Tom Rees over at Epiphenom posted a fascinating new bit of data that just calls out for an explanation:
"Much is made of the apparent fact that religious people are happier and better adjusted than the non-religious. However, as regular readers of this blog will know, this is to a large extent an illusion. ... [If you dig deeper] you'll find that religion is only linked to happiness in countries where a lot of people are religious.In other words, religious societies reject and shun atheists, so naturally non-religious people are unhappy in these societies. But Dr. Rees makes an even deeper point: secular societies make religious people feel welcome, so there is no converse effect. In secular societies, everyone is equally happy.
... Although non-religious people feel uncomfortable in religious countries, religious people have no problems living in non-religious countries.
The conclusion is inescapable: atheists and agnostics are unhappy in religious countries because of the religious people, whereas religious people do well in secular countries because they're made welcome. You can be an evangelical Christian in Sweden or Denmark, but it's hard to be an atheist in Turkey, Iran or even America.
It's very satisfying to deflate this myth. Religious bloggers and ministers love to crow about the fact that atheists and agnostics are unhappier than "the faithful." Now we can turn and point to them as the cause.
But while this solves one mystery, it presents us with a challenge: why is religion so hostile to atheism? A cultural factor like this that spans so many countries and cultures begs for a deeper analysis.
It's easy to find some superficial reasons for the hostility that atheists and agnostics feel. Maybe Christians aren't "hostile" but rather are doing atheists a favor by saving their souls from eternal damnation. Or maybe atheists are unhappy because humans naturally yearn for God's love, and the atheists won't accept that love. Or maybe atheists actually know God exists, and their unhappiness comes from the stress of having to deny the truth (I've been accused of this by readers).
I think we can dismiss these reasons out of hand. They're false and insulting.
The real reason for religion's anti-atheist hostility is because it's good for religion. Religions that foster hatred and hostility toward atheists are, simply put, better than religions that don't. And we use "better" here in the Darwinian sense.
One of the most fascinating facts about biology is that 99.99% of all species that ever existed are extinct today. If we merely look at the successes (for example, homo sapiens) without considering the failures (such as neanderthals), we're not being very good scientists. It's competition and death that drive evolution forward. In order for the more fit species to survive, the less fit species has to die. And in order to understand the survivors, we have to study the failures.
The same thing applies to the evolution of religions. We have to look at the ones that died along with the ones we know today. In the cultural-evolution or "memetic" way of thinking (the study of how ideas evolve and spread across society and down through history), religion isn't a set of distinct faiths, but rather is a great mass of competing ideas fighting for "survival of the fittest." At any point in history, there have been many thousands of religions around the world. Within each religion there are often hundreds of differing opinions and interpretations of the main ideas.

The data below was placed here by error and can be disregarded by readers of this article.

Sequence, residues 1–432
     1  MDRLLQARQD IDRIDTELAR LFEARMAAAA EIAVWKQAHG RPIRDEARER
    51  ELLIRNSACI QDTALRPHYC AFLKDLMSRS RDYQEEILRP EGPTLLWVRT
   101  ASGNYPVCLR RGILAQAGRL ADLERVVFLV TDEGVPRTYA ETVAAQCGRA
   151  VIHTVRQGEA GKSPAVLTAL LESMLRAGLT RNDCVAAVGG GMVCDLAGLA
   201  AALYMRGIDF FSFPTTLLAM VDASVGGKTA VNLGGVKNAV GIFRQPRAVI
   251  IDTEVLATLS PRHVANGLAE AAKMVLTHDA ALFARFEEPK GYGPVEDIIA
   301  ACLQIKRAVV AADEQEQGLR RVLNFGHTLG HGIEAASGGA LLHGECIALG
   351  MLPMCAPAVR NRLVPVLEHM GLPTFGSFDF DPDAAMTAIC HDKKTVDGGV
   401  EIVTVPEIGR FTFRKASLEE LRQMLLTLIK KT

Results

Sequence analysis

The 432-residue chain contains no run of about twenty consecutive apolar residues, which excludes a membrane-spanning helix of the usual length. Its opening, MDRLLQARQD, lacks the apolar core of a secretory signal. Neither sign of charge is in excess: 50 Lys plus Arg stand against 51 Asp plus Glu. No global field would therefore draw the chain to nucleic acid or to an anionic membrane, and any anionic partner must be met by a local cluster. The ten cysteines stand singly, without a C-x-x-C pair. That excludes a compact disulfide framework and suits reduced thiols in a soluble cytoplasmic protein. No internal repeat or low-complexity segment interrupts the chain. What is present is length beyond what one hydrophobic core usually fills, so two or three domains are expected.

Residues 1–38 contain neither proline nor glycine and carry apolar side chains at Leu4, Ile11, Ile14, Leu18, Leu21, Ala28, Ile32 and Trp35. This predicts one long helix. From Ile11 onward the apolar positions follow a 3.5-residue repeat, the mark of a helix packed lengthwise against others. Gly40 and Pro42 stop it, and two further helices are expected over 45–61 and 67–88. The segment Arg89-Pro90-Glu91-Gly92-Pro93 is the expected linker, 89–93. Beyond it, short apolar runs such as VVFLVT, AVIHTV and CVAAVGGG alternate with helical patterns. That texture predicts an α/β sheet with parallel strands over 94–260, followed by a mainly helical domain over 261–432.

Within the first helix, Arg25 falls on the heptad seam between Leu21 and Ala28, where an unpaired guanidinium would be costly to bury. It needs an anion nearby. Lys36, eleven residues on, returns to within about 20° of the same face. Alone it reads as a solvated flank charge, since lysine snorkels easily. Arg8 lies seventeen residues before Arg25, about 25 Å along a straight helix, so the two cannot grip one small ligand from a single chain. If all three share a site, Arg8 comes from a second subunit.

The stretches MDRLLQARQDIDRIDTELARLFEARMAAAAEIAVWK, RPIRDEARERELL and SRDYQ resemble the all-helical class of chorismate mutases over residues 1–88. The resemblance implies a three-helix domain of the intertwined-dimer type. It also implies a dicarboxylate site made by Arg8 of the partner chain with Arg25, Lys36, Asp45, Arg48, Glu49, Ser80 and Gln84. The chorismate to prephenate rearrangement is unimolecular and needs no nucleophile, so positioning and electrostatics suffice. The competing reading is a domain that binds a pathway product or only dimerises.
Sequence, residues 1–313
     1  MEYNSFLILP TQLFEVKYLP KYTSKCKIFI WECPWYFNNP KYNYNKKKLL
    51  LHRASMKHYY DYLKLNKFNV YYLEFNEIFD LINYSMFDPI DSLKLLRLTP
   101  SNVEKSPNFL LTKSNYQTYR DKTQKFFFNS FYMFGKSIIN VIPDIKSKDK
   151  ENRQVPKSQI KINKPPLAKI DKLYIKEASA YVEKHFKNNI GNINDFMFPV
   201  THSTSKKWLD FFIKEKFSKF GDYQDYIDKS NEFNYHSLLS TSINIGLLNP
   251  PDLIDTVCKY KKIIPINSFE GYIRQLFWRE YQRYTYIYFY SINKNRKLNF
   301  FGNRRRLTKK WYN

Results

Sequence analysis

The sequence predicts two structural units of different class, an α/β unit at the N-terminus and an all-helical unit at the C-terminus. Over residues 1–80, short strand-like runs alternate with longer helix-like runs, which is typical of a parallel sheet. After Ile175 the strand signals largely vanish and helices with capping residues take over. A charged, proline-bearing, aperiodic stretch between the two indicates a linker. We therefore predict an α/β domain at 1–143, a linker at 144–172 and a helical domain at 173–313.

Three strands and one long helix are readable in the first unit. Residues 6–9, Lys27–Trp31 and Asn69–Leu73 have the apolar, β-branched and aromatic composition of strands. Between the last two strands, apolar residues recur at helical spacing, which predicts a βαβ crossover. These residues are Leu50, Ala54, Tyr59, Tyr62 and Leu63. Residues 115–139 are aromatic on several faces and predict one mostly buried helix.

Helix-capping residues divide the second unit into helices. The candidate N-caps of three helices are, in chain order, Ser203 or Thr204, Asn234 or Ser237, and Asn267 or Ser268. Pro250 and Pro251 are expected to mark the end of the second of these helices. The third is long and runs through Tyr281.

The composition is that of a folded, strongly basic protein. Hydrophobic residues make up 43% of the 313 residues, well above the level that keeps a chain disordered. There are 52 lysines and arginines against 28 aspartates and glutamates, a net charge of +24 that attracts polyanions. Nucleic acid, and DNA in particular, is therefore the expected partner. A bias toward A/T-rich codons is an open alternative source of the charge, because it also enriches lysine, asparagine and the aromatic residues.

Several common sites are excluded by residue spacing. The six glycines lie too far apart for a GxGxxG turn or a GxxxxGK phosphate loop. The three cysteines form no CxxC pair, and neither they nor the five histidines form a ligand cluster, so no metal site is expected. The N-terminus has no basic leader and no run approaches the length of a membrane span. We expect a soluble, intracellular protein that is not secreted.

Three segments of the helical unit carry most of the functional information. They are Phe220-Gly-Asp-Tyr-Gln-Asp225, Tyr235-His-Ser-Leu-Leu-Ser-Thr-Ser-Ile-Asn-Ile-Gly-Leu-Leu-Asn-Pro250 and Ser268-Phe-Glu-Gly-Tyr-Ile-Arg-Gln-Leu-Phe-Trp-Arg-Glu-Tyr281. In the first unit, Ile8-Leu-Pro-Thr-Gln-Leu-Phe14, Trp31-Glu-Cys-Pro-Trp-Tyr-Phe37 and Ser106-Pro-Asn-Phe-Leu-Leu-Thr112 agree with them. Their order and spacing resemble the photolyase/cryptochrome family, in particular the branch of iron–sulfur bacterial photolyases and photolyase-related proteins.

In order to survive, a particular idea has to spread across society and down through history. But that's no trivial task: there are plenty of others competing. At each generation, only the "fittest" ideas survive to be passed along. This is the primary driving force that shapes any one religion's beliefs as time passes. And it's also true between religions: eventually, the "fitter" religions steal away all the believers from the "weaker" religions, which die out and pass into the history books.
What makes one religion more "fit" than another? There are many factors indeed (that's why I wrote The Religion Virus), but it brings us back to today's topic.
Children are born atheists and must be indoctrinated early and thoroughly in order for their faith to stick. Atheism is a huge threat to that process. If a culture allows atheists in their midst, the children will be exposed to powerful and persuasive ideas (logic, science, rational thinking). These atheistic ideas challenge the faith-based dogma that the children have to learn. Children are much more likely to have weak faith or no faith if they are exposed to atheism. (See Teach the Children for more on this topic.)
Thus, hostility to atheism is a "good" trait for religions to have. A religion that persecutes atheists will be more successful than one that doesn't. As generations and centuries go by, it's almost inevitable that religion will become more and more hostile to atheism.
Atheists aren't really such a sorry, unhappy lot. It's religion's fault, and now we know why: it's good for religion to be hostile to atheism. Religions with a live-and-let-live attitude died out a long time ago. They're extinct, and we're left with the survivors, the "fittest" religions ... the ones that don't like atheists.